How a reporter landed in jail

May 05, 1998|By Charles Levendosky

LARRY Matthews is an award-winning investigative reporter with 30 years of experience in radio and television in the Washington, D.C., area. A radio documentary Mr. Matthews did concerning Vietnam veterans in 1983 awarded him the prestigious Peabody Broadcasting Award. Now he's under federal grand jury indictment for researching a story about child prostitution on the Internet.

According to federal prosecutors, Mr. Matthews violated the federal child pornography act by attempting to gather news. The FBI claims that reporters cannot seek out sexual depictions of children on the Internet -- even if they are writing stories about the availability of such material.

In 1995, Mr. Matthews produced a three-part series about the existence and availability of child pornography on the Internet for WTOP Radio in Washington.

Investigative work

During his research for this series, Mr. Matthews "began to suspect that many of the persons online claiming to be underage girls or adults willing to prostitute children were actually law enforcement officers," according to his motion to dismiss the 15-count criminal indictment.

Mr. Matthews wanted to investigate the role law enforcement plays in chat rooms and sexual materials on the Internet.

Mr. Matthews' instincts may be right. In April, an Illinois woman filed a complaint against police officers for soliciting her 17-year-old daughter in a chat room on the Internet. Officers claim they were lured into a trap.

Other incidents of police officers soliciting sexual favors from minors on the Internet have become public in recent months.

During the late 1980s, the federal government conducted a sting operation against those who might purchase child pornography in print. During Project Looking Glass, the U.S. Customs and the U.S. Postal Service became the major distributor of child pornography in this country.

These two federal agencies created phony magazine outlets, polling groups and organizations in order to entice porn customers. According to criminologist Cecil E. Greek, federal agents posed as pedophiles, sexually interested young men or girls, pen pals or sympathetic hedonists. They sent out catalogs, questionnaires, sexual surveys and even lipstick-stained letters to lure responses. Thousands of individuals were bombarded with this material for as long as three years.

Keith Jacobson, a 58-year-old farmer in Nebraska, was one of the people targeted. After 29 months of solicitations, he finally ordered a magazine, "Boys Who Love Boys." Postal officials were waiting for him at his post office box when he came to pick it up. The U.S. Supreme Court called the government's antics entrapment -- and overturned Mr. Jacobson's conviction. The court's ruling in 1992 effectively ended Project Looking Glass.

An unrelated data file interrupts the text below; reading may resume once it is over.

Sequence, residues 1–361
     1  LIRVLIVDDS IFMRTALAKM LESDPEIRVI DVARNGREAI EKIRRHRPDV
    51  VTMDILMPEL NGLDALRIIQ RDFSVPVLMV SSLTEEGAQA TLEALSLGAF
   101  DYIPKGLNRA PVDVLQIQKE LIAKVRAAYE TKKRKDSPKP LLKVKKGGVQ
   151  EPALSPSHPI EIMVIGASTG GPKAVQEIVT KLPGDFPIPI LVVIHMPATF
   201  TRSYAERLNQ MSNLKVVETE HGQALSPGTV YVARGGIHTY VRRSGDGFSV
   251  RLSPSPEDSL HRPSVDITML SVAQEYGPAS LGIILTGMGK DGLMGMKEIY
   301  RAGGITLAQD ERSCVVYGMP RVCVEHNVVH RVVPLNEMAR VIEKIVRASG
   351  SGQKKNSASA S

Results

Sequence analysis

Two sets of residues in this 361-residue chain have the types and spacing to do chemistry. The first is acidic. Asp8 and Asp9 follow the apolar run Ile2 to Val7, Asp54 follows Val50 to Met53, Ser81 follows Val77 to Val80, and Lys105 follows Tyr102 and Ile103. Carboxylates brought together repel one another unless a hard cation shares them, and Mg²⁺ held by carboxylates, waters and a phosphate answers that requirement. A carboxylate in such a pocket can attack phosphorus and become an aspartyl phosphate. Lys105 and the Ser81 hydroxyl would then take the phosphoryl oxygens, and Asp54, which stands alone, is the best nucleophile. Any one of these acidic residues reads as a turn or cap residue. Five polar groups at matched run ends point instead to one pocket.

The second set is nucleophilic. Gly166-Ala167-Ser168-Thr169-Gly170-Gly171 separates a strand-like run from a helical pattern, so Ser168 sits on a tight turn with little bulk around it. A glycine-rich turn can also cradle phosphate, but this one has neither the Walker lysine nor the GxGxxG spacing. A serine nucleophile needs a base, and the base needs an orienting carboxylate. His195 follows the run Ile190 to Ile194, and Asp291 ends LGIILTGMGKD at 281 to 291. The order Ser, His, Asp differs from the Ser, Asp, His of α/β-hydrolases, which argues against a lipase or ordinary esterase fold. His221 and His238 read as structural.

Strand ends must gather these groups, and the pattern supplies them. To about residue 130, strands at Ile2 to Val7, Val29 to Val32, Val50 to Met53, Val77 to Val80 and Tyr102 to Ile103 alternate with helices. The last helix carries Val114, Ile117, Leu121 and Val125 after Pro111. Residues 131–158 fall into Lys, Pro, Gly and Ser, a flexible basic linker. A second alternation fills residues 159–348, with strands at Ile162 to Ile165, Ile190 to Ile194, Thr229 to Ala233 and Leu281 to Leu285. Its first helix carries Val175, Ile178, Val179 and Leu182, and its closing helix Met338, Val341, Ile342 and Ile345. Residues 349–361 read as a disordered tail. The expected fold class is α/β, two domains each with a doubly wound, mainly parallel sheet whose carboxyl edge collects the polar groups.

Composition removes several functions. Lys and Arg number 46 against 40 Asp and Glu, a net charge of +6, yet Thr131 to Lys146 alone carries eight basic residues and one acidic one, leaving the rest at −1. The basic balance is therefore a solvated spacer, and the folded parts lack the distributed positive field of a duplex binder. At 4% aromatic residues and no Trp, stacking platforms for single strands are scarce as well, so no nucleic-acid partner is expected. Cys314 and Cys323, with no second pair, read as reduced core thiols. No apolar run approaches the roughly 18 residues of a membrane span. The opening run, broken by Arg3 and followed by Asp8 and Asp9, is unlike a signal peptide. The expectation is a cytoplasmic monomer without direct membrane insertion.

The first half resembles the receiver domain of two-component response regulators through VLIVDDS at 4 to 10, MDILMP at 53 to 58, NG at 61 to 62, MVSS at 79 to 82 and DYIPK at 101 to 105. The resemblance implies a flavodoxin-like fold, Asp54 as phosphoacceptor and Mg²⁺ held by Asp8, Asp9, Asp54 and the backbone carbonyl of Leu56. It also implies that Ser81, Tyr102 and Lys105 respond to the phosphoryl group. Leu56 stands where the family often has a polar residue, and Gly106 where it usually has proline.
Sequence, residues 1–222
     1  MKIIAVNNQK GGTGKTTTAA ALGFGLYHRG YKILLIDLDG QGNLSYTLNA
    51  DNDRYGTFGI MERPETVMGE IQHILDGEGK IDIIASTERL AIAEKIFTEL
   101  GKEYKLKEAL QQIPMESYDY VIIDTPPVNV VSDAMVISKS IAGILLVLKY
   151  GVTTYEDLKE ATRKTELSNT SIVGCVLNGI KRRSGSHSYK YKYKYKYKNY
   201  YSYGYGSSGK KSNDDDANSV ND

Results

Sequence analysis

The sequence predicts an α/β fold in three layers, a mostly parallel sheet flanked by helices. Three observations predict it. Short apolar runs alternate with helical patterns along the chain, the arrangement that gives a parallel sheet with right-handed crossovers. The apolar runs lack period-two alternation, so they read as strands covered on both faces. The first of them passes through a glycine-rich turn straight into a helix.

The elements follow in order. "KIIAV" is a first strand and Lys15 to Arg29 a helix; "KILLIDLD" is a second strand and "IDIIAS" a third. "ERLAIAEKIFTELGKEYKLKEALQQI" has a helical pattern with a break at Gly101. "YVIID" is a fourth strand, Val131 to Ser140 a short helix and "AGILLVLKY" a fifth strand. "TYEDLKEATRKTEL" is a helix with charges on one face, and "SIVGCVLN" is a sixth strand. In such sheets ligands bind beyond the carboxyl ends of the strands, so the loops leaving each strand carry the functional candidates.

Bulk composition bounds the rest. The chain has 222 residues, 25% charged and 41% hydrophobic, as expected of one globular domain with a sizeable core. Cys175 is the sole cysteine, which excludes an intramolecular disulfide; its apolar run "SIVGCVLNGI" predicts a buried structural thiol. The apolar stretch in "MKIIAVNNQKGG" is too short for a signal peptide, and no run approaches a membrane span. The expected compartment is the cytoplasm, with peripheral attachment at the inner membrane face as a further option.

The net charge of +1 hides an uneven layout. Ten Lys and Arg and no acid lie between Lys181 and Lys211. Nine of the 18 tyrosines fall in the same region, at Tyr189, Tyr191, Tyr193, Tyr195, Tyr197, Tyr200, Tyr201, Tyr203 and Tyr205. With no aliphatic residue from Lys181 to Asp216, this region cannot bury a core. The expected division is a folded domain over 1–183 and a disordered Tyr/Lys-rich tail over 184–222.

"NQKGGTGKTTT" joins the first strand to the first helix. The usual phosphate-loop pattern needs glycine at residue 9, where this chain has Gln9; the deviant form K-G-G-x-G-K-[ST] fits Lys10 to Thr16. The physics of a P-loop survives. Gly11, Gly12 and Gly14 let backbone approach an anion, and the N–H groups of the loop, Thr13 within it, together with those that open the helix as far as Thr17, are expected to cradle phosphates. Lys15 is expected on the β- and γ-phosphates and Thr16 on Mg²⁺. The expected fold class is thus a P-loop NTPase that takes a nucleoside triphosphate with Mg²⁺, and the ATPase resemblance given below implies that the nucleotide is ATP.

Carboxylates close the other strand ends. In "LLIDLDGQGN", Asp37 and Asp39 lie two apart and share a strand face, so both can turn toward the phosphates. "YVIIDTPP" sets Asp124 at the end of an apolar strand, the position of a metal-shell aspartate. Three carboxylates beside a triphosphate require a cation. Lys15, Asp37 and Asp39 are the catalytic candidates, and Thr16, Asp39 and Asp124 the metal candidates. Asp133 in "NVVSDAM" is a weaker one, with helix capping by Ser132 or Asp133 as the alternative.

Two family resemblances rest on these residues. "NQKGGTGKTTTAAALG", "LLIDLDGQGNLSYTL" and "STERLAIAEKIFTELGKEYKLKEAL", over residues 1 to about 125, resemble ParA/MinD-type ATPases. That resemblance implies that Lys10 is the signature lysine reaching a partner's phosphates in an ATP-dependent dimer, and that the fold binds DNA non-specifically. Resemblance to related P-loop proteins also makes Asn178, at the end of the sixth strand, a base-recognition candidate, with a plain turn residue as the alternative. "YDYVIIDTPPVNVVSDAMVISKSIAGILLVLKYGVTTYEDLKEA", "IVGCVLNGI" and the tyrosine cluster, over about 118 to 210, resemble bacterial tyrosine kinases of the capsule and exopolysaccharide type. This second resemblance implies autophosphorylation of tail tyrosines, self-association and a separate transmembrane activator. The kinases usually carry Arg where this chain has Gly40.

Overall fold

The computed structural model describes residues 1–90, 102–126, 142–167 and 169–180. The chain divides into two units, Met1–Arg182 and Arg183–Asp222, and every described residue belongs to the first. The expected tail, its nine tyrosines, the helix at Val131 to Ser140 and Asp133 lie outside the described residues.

If Mr. Matthews had been allowed to continue his investigations, he might have uncovered a similar federal sting operation, this time in cyberspace -- and exposed it. Perhaps that's the real reason for his indictment.

It shouldn't surprise anyone that a federal law enforcement agency is involved in chat room sexual solicitations as part of cyberspace sting operation against child molesters. But the demons are in the details, and Mr. Matthews might have been able to dig too deeply.

Ironically, Mr. Matthews alerted the FBI to his investigations.

During his Internet searches Mr. Matthews came into contact with a person who offered to prostitute his or her daughters to him. Mr. Matthews was so disturbed by the incident that he contacted the FBI and gave an agent the information he had obtained. Subsequently, Mr. Matthews had several meetings with the agent.

Not long afterward, the FBI obtained a search warrant that authorized the seizure of Mr. Matthews' books, magazines, computer discs and any other material related to his cyberporn research.

He was charged with 15 felony counts of dealing with child pornography.

The federal government's approach to Internet news gathering: "You click on child porn, you look at it, you're a criminal. News or not, no exceptions."

That approach ignores the fact that it was the news media that alerted Congress to the relationship between child porn and prostitution -- so that it could create the forerunner of the law under which Mr. Matthews now finds himself charged.

Then-Sen. Charles McC. Mathias, a Maryland Republican and co-sponsor of the original child pornography legislation, lauded the role of the media in breaking the news about the problem and said on the floor of the Senate, "It deserves the gratitude of the American people."

The government's sweeping interpretation of the child pornography law means that anyone who sits on a jury and looks at a series of incriminating photographs in a child porn case and passes them to the next juror could be charged with a violation of the law. So could the judge, so could law enforcement officials. "No exceptions" means just that. Of course, that's ludicrous.

Freedom of the press presupposes the freedom to gather information.

It will be a very dangerous route for the courts to take if they decide that gathering the news, however unseemly that news may be, can land a reporter in jail.

Charles Levendosky is editorial page editor of the Casper (Wyo.) Star-Tribune.

Pub Date: 5/05/98

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